A sold-out crowd awaits drag sensation Jonny Woo and Olivier Award-winning composer Richard Thomas as they take to the Piccolo stage.
While special guests wait in the wings, Woo and Thomas are joined by a trio of vocalists including the Comedy Central championed Sooz Kempner, who quickly proves to be the sharpest and most consistently engaging comedic force on the bill.
Tackling the mildly hysteric build-up to the Brexit referendum through song proves to be an inspired way to form a coherent narrative. The jokes peak when kept simple, as the total breakdown in communication and empathy between voters is addressed by the actors repeatedly singling each other out for abuse, whether they are portraying a veteran or a wheelchair user.
Belly-laughs abound when special guest Le Gateau Chocolat (who’s utterly majestic baritone could comfortably descend past the earth’s mantle, possibly even reaching the inner-core) channels the anguish of the 48% who voted remain on the haunting Oh Shit.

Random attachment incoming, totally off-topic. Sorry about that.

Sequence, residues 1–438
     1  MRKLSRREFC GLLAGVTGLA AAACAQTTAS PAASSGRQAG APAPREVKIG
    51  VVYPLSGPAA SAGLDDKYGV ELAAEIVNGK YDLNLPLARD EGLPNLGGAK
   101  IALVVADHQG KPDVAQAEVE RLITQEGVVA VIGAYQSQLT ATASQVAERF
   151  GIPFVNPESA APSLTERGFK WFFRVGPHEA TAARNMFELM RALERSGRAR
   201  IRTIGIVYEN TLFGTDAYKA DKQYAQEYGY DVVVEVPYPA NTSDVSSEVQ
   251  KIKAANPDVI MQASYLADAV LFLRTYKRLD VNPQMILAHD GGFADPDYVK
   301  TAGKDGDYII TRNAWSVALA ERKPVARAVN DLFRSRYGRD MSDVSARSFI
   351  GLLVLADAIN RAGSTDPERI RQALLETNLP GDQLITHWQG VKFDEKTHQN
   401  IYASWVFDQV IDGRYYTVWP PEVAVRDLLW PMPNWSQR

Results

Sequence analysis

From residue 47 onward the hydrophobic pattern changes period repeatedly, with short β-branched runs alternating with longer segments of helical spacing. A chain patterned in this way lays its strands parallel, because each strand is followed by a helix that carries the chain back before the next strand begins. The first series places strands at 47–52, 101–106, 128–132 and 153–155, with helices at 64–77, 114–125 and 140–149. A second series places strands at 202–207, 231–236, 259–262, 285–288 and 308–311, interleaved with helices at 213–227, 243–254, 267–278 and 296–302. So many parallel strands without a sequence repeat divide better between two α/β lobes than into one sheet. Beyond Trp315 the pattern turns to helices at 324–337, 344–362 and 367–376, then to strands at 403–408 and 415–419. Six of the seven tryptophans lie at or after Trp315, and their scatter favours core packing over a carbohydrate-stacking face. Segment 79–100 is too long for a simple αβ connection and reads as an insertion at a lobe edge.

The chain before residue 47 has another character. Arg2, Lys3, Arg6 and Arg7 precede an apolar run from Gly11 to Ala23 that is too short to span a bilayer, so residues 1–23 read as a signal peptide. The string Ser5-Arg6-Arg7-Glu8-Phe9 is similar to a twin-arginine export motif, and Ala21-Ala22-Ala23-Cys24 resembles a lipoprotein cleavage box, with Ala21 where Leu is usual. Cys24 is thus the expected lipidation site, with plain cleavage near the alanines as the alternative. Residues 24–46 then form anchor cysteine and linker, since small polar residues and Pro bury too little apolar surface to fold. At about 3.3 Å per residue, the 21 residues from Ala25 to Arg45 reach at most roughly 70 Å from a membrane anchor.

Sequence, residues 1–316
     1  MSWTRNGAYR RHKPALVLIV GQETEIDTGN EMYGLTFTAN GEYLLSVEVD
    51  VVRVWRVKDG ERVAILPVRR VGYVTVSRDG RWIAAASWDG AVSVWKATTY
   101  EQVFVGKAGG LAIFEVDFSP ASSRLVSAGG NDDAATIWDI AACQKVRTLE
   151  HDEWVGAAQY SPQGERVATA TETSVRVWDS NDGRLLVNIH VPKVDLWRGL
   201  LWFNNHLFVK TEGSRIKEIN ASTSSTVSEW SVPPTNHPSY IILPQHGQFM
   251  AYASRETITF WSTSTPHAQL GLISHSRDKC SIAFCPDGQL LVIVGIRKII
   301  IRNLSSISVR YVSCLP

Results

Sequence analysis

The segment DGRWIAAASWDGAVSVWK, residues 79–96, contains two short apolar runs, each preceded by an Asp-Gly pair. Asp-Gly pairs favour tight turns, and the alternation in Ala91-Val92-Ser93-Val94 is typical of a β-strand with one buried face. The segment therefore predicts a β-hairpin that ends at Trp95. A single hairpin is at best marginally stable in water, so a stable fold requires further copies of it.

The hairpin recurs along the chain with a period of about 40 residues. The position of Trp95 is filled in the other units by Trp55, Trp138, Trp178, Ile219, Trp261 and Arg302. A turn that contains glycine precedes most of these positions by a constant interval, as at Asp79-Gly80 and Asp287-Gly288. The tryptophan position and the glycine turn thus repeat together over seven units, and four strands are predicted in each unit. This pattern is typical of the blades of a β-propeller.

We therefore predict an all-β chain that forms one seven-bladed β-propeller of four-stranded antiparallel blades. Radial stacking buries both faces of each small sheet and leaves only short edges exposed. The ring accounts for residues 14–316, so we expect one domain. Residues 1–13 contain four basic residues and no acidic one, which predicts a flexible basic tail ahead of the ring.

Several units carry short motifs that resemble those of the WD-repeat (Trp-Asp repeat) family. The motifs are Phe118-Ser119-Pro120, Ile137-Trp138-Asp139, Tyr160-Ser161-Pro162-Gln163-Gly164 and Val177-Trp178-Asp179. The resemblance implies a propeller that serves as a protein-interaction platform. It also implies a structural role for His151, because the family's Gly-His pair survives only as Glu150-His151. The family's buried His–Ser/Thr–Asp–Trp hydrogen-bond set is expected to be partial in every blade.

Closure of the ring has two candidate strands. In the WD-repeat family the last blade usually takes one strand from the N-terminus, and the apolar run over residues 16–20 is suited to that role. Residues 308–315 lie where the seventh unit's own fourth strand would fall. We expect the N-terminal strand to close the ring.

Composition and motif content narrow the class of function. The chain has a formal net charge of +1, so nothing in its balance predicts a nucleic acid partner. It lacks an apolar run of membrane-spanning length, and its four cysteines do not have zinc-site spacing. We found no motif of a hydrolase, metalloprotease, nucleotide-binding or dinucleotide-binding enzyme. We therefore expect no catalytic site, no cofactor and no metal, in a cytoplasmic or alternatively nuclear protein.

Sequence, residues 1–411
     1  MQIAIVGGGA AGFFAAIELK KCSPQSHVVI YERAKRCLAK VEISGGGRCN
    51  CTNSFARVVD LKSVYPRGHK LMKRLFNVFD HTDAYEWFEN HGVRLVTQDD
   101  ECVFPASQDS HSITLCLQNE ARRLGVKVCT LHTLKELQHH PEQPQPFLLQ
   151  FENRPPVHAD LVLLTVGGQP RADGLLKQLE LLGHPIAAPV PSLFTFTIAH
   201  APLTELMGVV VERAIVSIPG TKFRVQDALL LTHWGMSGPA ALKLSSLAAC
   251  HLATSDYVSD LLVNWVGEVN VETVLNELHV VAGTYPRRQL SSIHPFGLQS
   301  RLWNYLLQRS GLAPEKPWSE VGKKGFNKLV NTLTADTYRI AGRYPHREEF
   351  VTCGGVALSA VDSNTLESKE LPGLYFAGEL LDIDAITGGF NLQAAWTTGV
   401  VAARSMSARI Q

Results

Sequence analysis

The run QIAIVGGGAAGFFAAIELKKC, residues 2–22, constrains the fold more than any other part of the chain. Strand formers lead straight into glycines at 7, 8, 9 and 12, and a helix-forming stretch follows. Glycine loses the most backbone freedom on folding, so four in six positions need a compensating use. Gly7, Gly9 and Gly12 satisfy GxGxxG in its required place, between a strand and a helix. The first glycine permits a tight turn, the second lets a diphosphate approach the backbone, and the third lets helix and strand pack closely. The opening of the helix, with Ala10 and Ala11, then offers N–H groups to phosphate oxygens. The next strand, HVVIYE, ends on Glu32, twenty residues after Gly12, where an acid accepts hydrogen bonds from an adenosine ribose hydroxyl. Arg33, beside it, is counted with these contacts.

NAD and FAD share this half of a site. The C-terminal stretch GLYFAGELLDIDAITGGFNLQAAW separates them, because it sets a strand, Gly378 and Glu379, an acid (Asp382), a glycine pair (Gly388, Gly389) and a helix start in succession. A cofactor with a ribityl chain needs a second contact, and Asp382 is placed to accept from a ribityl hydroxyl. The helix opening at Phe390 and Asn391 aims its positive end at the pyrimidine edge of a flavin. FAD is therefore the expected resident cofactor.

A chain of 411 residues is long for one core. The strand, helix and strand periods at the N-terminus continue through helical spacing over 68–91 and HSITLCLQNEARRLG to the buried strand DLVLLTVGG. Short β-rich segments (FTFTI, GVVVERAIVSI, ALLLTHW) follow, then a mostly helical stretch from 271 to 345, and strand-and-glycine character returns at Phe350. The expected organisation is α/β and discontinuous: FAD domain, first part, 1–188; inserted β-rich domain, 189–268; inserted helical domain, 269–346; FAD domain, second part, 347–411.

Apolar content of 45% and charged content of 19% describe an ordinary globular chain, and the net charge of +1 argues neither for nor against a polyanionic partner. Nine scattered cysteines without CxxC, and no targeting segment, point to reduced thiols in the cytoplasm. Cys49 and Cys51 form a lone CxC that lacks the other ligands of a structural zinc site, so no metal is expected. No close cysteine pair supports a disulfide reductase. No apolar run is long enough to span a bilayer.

Brexit is a satirical gold-mine, and the show is unfortunately let down by only scratching the surface of it. Portrayals of Boris Johnson and Nigel Farage are wasted opportunities, as the staggering number of blunders both have made over the years (regularly exploited by other comedians and Twitter users) are mostly left untapped in favour of a few recycled lines from Jayde Adams.
The electrifying Carla Lippis performs Mother Merkel’s Euro Vision with effortless charisma, but there is an underlying frustration that Woo simply hasn’t delved into his source material enough, and the songs, particularly The Ballot Box Ballad, could be a lot more memorable with some sharper jabs and insight. Though not always inspired, Jonny Woo’s All Star Brexit Cabaret boasts heart, charm, tremendous costumes (some of which show more rear-end than others, to the delight of the crowd) and excellent performances.
Jonny Woo’s All Star Brexit Cabaret, Assembly George Square Gardens, 8-27 Aug (not 13, 20), 6pm